Conversion studies have already been completed for Cleveland, Denver, Miami, Philadelphia, and Wilmington, Del., Lerner reports, with more in the works in Detroit, Houston, Los Angeles, Phoenix, and Savannah, Ga.
Ride the Money Train
Building in infill locations near public transit has many advantages—shorter commutes, lower vehicle emissions, built-in amenities, and, in the best scenarios, established school systems. Now add one more perk. Jumping on the TOD train could provide access to construction financing you otherwise wouldn’t get in the way of grants, loans, tax credits, and other fiscal incentives.
To find out what’s available in your neck of the woods, the nonprofit Reconnecting America has released a handy inventory of state, regional, and local programs around the country providing funding for TOD projects. Visit www.reconnectingamerica.org for more information.
The local food movement is all well and good until it pits neighbor against neighbor. Take Sarasota, Fla., where the proverbial question, “Why did the chicken cross the road?” has been supplanted by squabbles over whether or not the chicken is allowed to be there in the first place.
In December, a local group operating under the name CLUCK (Citizens Lobbying for Urban Chicken Keeping) proposed a zoning amendment that would allow residents to keep up to four chickens in enclosed coops in their backyards for purposes of farming fresh eggs. Opponents were quick to raise concerns about smells and the cost of animal enforcement, reporter Carrie Wells wrote in The Sarasota Herald-Tribune.
As the urban farming movement gains traction, this debate is likely to play out in plenty of other municipalities around the country. New York, Los Angeles, Portland, Ore., Minneapolis, and Miami are among a growing number of cities that have passed ordinances allowing chickens. There’s even a Facebook page keeping track: www.facebook.com/topic.php?uid=36843735217&topic=5209.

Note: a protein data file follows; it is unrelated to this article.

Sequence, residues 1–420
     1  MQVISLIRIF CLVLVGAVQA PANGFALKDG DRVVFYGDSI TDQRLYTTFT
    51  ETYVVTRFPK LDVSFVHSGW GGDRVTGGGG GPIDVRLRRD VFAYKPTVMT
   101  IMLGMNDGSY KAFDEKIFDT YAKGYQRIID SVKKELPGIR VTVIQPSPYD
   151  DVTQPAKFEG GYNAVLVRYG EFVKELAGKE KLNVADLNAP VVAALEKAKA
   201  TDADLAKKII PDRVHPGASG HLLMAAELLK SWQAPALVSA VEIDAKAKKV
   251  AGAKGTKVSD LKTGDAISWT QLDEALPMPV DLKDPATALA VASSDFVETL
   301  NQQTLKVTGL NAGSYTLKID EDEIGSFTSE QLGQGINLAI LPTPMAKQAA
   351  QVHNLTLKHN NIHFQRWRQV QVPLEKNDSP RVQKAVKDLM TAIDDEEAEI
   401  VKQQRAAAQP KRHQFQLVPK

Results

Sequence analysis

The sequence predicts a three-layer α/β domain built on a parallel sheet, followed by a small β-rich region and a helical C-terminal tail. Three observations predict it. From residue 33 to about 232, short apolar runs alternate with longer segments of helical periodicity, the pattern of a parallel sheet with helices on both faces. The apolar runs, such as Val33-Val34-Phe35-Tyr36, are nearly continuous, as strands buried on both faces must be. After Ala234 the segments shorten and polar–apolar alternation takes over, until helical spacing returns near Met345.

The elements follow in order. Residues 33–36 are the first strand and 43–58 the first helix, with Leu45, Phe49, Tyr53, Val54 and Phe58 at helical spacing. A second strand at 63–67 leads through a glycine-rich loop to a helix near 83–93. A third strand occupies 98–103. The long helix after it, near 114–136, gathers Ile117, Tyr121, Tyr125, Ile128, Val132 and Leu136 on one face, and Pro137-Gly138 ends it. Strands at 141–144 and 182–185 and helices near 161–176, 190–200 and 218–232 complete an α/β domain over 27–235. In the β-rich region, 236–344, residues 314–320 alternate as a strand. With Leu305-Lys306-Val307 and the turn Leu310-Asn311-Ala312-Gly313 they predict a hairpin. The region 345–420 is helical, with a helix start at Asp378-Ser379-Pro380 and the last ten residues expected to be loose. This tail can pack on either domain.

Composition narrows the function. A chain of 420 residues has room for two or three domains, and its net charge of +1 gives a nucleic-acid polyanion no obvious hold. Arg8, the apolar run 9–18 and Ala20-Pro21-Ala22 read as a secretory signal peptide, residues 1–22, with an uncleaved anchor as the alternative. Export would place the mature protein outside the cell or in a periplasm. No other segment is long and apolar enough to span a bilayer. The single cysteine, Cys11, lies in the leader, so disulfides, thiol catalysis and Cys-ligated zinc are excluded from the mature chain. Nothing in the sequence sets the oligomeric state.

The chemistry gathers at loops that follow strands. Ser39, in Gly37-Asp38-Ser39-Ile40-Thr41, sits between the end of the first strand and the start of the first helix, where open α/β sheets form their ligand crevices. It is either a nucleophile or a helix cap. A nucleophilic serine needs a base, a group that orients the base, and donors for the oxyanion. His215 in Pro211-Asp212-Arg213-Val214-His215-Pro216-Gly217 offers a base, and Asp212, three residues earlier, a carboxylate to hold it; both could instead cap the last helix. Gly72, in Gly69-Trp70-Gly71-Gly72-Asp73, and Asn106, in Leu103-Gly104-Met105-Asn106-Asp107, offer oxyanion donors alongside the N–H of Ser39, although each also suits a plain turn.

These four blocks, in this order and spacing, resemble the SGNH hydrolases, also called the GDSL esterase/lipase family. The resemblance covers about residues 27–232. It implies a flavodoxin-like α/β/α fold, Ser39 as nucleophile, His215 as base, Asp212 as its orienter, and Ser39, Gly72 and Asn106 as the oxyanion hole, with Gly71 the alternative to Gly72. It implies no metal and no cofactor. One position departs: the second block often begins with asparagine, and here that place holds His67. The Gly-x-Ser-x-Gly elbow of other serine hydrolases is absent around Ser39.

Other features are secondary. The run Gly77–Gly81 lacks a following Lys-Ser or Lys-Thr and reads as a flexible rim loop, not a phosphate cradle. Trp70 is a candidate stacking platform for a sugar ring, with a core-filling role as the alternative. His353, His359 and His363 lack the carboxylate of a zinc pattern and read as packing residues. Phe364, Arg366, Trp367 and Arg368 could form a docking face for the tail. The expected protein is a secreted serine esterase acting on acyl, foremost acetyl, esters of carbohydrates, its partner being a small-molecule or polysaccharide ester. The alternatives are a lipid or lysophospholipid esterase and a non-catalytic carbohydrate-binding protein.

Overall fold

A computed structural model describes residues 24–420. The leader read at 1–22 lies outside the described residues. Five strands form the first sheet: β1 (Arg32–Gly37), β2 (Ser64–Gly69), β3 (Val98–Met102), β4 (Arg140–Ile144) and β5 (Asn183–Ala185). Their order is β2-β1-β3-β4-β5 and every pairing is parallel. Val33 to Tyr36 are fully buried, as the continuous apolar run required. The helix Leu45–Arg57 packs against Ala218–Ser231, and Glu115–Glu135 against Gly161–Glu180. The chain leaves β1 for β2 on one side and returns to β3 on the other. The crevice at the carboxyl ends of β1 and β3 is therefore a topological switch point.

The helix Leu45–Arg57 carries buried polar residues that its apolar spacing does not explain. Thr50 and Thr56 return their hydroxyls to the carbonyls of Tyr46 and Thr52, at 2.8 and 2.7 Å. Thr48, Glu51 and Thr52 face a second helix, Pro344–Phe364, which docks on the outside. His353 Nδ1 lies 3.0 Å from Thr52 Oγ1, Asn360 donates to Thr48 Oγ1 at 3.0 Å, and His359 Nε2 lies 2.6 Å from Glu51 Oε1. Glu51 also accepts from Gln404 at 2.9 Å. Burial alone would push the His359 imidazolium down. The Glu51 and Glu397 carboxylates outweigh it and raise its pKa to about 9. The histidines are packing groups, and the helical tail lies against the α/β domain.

Dangle a Green Carrot, Would Ya?
Americans want green homes, but most still assume they can’t afford them, according to a recent survey conducted by the NAHB Research Center on behalf of Whirlpool Corp. and Habitat for Humanity.
In the study, 77 percent of consumer respondents said that having a green home was at least “somewhat,” if not “very important,” citing reasons such as environmental impact, long-term financial savings, and health benefits. But 59 percent espoused a belief that the cost of green products and materials would have to come down in order for homes for average buyers to become attainable.
And they’re counting on Uncle Sam to make that happen. Some 69 percent of consumer participants said they think state and local governments should provide greater incentives for homeowners and builders to purchase green building products.
Builders in the survey tended to agree with those sentiments. Some 75 percent of builders said the cost of green products and materials needs to come down, and 40 percent said they believe incentives for homeowners and builders would help bolster momentum for sustainable building practices.
Learn more about markets featured in this article: Los Angeles, CA.